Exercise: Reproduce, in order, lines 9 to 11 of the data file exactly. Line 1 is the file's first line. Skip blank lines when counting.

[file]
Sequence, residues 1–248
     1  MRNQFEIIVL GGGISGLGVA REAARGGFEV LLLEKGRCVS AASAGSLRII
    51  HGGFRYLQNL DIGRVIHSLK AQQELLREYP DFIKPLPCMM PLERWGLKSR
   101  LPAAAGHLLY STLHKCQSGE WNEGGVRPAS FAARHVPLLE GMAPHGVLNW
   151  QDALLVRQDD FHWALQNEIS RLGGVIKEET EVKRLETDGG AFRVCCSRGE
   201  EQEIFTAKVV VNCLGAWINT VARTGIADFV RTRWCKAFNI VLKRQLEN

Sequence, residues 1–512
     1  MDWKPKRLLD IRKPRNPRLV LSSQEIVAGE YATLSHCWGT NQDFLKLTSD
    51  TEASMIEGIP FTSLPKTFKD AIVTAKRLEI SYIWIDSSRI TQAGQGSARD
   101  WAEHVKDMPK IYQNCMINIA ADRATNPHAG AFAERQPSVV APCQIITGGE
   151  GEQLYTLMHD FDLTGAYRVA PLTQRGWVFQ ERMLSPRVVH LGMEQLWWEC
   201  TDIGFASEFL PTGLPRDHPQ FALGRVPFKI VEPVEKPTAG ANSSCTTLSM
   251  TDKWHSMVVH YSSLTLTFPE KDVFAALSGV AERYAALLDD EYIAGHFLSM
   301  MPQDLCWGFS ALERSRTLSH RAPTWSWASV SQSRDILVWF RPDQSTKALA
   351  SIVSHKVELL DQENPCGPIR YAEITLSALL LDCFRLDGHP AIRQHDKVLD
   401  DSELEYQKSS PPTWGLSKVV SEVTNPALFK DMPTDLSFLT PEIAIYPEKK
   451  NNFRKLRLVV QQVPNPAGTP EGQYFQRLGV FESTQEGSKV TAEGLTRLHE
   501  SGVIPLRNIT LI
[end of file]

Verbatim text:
    51  TEASMIEGIP FTSLPKTFKD AIVTAKRLEI SYIWIDSSRI TQAGQGSARD
   101  WAEHVKDMPK IYQNCMINIA ADRATNPHAG AFAERQPSVV APCQIITGGE
   151  GEQLYTLMHD FDLTGAYRVA PLTQRGWVFQ ERMLSPRVVH LGMEQLWWEC